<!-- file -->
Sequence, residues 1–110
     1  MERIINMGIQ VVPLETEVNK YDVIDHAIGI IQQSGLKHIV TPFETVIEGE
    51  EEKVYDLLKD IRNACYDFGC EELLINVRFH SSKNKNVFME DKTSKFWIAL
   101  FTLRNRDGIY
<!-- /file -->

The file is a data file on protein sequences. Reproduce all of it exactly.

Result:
Sequence, residues 1–110
     1  MERIINMGIQ VVPLETEVNK YDVIDHAIGI IQQSGLKHIV TPFETVIEGE
    51  EEKVYDLLKD IRNACYDFGC EELLINVRFH SSKNKNVFME DKTSKFWIAL
   101  FTLRNRDGIY